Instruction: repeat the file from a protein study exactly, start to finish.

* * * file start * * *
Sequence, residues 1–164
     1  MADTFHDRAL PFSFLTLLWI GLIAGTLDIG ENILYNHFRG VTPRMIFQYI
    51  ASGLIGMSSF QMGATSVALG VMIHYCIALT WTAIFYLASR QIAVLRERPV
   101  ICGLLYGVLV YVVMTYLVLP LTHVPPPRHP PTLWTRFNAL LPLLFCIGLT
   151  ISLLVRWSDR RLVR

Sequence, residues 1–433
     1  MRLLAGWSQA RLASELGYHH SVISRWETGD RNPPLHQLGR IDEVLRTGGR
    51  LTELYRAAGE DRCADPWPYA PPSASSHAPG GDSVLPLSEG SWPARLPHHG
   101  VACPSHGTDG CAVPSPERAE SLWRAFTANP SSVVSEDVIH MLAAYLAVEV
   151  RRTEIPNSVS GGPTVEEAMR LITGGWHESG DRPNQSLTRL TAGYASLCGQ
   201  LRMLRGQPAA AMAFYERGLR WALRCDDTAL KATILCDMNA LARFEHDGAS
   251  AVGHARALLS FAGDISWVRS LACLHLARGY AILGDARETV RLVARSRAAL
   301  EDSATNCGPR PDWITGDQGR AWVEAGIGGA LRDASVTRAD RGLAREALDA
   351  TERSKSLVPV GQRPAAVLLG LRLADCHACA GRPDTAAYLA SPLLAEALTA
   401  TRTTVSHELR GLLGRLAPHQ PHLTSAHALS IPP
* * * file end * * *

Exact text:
Sequence, residues 1–164
     1  MADTFHDRAL PFSFLTLLWI GLIAGTLDIG ENILYNHFRG VTPRMIFQYI
    51  ASGLIGMSSF QMGATSVALG VMIHYCIALT WTAIFYLASR QIAVLRERPV
   101  ICGLLYGVLV YVVMTYLVLP LTHVPPPRHP PTLWTRFNAL LPLLFCIGLT
   151  ISLLVRWSDR RLVR

Sequence, residues 1–433
     1  MRLLAGWSQA RLASELGYHH SVISRWETGD RNPPLHQLGR IDEVLRTGGR
    51  LTELYRAAGE DRCADPWPYA PPSASSHAPG GDSVLPLSEG SWPARLPHHG
   101  VACPSHGTDG CAVPSPERAE SLWRAFTANP SSVVSEDVIH MLAAYLAVEV
   151  RRTEIPNSVS GGPTVEEAMR LITGGWHESG DRPNQSLTRL TAGYASLCGQ
   201  LRMLRGQPAA AMAFYERGLR WALRCDDTAL KATILCDMNA LARFEHDGAS
   251  AVGHARALLS FAGDISWVRS LACLHLARGY AILGDARETV RLVARSRAAL
   301  EDSATNCGPR PDWITGDQGR AWVEAGIGGA LRDASVTRAD RGLAREALDA
   351  TERSKSLVPV GQRPAAVLLG LRLADCHACA GRPDTAAYLA SPLLAEALTA
   401  TRTTVSHELR GLLGRLAPHQ PHLTSAHALS IPP